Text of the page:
Important to the present invention, the manifold assembly 44 includes an actuator assembly 70 which interconnects the handles 52d, 54d of the spaced-apart valving assemblies 52, 54 so as to allow for substantial simultaneous operation thereof. The actuator assembly 70 is provided with an elongate activation handle 72 which is hinged at each of its opposed terminal ends to a distal end of a respective extension arm 74, 76. The proximal ends of the extension arms 74, 76, in turn, include sleeve couplings 74a, 76a which are rigidly sleeved over, and thus interconnect, the extension arms 74, 76 to the handles 52d, 54d associated with the valving assemblies 52, 54, respectively.
Thus, downward movement of the activation handle 72 will substantially simultaneously cause the handles 52d, 54d to move from their inactive position and into their active position. This operative movement, in turn, substantially simultaneously enables fluid flow through each of the valving assemblies 52, 54 and to the T-coupling 50 in the manner described above. As a result, the proper mixing ratio of the liquids contained within each of the tank units 12, 14 is virtually ensured since a user is essentially precluded from operating just one of the handles 52d, 54d which would cause one of the liquids to flow to the meter 56 prior to flow of the other liquid being initiated. In a similar manner, lifting of the activation handle 72 will cause the handles 52d, 54d of the valving assemblies 52, 54 to be returned pivotally to their inactive position thereby substantially simultaneously disabling fluid flow to the T-coupling 50.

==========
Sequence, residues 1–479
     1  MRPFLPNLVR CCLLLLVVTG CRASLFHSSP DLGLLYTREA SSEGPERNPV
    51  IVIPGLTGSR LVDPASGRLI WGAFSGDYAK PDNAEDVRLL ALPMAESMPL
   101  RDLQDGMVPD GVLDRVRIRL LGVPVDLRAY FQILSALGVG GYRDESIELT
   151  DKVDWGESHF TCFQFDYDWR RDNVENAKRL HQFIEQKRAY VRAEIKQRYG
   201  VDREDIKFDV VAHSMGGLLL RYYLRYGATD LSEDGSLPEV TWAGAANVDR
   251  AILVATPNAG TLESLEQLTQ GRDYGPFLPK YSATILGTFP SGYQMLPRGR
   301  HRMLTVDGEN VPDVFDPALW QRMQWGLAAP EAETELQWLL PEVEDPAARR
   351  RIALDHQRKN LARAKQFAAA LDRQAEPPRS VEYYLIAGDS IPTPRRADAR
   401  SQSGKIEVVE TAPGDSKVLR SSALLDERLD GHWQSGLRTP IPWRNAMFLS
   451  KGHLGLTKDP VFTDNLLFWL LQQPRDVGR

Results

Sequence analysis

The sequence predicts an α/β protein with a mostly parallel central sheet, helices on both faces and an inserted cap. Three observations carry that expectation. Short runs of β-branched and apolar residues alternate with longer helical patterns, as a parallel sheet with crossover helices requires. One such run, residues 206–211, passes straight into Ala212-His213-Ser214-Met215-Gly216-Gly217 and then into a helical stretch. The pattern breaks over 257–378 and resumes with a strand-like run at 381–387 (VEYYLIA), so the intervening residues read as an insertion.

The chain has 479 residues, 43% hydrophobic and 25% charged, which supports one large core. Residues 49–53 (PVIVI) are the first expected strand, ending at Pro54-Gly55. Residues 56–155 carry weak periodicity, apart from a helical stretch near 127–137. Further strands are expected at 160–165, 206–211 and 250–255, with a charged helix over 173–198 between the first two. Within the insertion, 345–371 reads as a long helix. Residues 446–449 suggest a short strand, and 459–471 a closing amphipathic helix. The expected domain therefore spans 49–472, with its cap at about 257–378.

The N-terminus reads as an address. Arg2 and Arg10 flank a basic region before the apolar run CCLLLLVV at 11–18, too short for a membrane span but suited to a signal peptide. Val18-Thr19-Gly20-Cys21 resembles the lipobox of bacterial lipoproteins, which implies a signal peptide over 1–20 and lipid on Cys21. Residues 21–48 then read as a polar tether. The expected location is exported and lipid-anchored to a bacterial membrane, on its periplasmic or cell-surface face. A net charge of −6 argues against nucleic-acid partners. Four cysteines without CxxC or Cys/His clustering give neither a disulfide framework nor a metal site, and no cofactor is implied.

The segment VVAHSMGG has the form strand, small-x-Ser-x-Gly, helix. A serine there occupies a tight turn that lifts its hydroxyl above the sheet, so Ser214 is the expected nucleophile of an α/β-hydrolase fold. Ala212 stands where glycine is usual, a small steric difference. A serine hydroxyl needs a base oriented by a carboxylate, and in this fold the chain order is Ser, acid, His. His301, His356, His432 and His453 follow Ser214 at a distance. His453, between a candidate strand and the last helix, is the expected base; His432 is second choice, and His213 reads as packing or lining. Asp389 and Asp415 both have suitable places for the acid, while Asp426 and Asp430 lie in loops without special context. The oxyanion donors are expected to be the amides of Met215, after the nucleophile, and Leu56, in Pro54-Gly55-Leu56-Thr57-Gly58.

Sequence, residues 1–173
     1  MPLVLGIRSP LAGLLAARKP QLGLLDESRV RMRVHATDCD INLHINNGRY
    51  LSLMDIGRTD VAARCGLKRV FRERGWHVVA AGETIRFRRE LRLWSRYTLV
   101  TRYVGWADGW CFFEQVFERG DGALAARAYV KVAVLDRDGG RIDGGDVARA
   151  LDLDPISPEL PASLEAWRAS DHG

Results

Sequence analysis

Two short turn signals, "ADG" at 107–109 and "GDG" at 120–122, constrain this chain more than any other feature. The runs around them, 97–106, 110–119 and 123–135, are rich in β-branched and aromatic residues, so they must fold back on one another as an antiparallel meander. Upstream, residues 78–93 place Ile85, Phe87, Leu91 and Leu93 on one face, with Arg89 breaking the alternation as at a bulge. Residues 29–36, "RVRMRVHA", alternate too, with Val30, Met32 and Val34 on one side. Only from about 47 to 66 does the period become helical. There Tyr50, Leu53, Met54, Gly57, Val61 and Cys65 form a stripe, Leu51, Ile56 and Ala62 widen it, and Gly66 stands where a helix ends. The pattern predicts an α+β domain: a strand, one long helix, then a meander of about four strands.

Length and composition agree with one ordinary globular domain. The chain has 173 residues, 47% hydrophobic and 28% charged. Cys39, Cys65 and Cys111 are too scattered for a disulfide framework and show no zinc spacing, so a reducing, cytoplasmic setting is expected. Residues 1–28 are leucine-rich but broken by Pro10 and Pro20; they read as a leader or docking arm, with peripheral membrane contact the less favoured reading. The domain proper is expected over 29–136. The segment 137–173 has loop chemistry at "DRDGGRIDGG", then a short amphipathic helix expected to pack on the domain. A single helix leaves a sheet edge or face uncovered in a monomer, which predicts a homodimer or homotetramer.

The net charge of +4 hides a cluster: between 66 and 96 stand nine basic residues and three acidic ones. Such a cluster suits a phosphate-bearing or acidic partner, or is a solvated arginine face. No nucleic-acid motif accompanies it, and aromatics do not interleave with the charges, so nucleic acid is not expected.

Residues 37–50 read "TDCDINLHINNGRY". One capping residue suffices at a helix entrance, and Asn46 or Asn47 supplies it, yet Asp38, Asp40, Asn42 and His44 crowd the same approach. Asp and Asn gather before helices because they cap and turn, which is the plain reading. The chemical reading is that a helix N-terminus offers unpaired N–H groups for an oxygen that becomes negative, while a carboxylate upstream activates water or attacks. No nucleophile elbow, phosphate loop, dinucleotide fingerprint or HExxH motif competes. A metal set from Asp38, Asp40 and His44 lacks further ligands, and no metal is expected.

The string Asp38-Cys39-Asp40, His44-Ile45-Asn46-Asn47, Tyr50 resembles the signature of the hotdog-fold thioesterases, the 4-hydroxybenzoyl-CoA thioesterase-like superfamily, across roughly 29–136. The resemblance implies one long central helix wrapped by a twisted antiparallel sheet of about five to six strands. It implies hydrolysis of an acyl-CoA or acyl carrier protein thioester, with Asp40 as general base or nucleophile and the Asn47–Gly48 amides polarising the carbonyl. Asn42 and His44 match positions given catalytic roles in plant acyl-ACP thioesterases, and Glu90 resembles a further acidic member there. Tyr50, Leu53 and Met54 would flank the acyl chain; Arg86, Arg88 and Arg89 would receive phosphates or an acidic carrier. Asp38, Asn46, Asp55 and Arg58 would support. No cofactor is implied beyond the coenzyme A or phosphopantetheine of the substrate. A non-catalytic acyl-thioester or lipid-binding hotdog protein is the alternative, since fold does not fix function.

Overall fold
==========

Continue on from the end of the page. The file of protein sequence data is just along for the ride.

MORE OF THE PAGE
The hinged connection between the terminal ends of the activation handle 72 and the extension arms 74, 76 enable the valve assemblies 52, 54 to be rotated (e.g., through about 60°) about their vertical axes relative to the valve couplings 40a, 40b so as to move from their coupled condition (as shown in solid line in FIG. 6) to an uncoupled condition (as shown in dashed line in FIG. 6). In such a manner, therefore, the valve assemblies 52, 54 may be uncoupled from the valve couplings without removal of the actuator assembly 70 to permit refilling of the tank units 12, 14 with respective liquids.